In the last two decades or more, the senior managers at General Motors Co. have had their focus on making products that fit the production capabilities of their plants, rather than highlighting the needs and wants of their customers. Then came the heavy debt load and ballooning costs of health care, as well as the surplus of well-paid workers—GM was in deep trouble.

But after this much talked about bankruptcy and the much needed restructuring that followed, GM was able to get rid of the many contractual and financial obligations that were weighing this automotive giant down.

Now, its new CEO Dan Akerson is initiating a major shift in focus: a customer-centric orientation.

The new direction means that GM is now free to design cars that appeal directly to customers. With its recent recovery in sales, the company can now introduce new models faster, as well as strengthen its overall advertising efforts and reinforce GM more as a marketing organization.

Joel Ewanick, GM’s first ever Global Chief Marketing Officer, claims that this shift in focus is a rare opportunity that GM is capitalizing on now that they have the momentum of having rising profits (after six years) and newly-introduced models that have become sales hits. They are hoping this momentum would drive them to build cars that people would want to buy, rather than cars that the company needs to sell. This new appointment is just one of Akerson’s strategies to reshuffle GM, which has had four CEOs in less than two years.

Ewanick has been known mostly for building Hyundai’s growing presence in the U.S., and his new task at GM is to elevate the consumer’s point of view into GM’s product planning and strategic decisions, gathering top management support along the process. Also part of this new job is to gather customer feedback through his staff and communicate these to the product team.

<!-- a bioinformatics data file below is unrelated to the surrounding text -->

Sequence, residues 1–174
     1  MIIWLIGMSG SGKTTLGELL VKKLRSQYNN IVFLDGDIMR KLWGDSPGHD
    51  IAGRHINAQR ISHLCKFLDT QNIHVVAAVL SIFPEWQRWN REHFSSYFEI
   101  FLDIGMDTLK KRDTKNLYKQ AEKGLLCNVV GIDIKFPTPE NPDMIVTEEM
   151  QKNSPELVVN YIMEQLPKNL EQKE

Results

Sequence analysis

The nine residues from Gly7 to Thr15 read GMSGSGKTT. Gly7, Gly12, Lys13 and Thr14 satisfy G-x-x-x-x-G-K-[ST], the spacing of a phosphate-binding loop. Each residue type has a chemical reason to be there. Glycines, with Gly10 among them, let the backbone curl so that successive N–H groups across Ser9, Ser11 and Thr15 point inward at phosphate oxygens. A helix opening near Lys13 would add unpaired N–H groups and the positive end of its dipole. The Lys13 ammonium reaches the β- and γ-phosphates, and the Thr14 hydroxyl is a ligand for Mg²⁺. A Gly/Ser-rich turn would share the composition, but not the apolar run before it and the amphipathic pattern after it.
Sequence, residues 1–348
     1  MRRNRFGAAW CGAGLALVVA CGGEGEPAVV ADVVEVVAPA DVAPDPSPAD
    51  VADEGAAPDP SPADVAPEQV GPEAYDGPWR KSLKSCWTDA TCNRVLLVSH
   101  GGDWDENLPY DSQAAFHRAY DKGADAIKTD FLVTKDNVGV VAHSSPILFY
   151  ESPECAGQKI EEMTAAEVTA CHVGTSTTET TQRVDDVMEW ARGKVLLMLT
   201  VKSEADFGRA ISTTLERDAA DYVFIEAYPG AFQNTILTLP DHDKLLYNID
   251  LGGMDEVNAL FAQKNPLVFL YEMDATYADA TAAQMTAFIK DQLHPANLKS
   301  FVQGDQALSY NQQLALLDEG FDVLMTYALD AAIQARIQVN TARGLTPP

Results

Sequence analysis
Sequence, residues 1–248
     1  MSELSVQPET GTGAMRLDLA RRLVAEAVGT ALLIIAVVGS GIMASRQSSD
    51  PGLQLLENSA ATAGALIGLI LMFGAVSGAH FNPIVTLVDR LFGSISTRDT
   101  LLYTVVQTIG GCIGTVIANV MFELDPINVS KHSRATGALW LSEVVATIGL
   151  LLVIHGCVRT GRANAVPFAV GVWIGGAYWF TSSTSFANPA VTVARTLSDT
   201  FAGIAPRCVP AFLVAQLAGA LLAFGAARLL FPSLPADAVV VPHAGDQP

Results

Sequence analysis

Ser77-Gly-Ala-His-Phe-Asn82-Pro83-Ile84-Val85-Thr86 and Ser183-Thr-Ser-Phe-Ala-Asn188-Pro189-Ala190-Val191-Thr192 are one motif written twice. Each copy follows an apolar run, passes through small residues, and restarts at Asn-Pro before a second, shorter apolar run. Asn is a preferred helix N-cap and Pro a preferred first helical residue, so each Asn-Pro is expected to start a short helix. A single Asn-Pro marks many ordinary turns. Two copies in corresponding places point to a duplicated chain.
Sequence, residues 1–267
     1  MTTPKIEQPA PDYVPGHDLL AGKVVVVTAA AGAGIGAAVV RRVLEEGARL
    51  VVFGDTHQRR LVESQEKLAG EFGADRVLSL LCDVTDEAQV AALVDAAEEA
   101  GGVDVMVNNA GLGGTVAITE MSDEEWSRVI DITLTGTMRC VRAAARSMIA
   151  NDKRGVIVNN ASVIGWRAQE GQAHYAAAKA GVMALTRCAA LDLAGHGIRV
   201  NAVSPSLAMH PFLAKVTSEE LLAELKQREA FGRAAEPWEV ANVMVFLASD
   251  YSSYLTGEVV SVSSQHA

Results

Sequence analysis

Some of the results of the focus group discussions initiated by Ewanick include bolder style and design improvements to grab the attention of the more modern buyers of today. Part of this will be adding more creature comforts and innovative parts throughout the car. Another is the direction to officially move Buick from the “near luxury” to being a luxury brand. Now, Buick is set to directly compete against Lexus, with an understated luxury approach.

Of course, even with all these improvements, GM still has a long way to go if they want to regain the leadership that they have held and lost.

Still, it is worth seeing what this determined automaker has in store for the next couple of years, both in terms of its revised strategies as well as its new product offerings.

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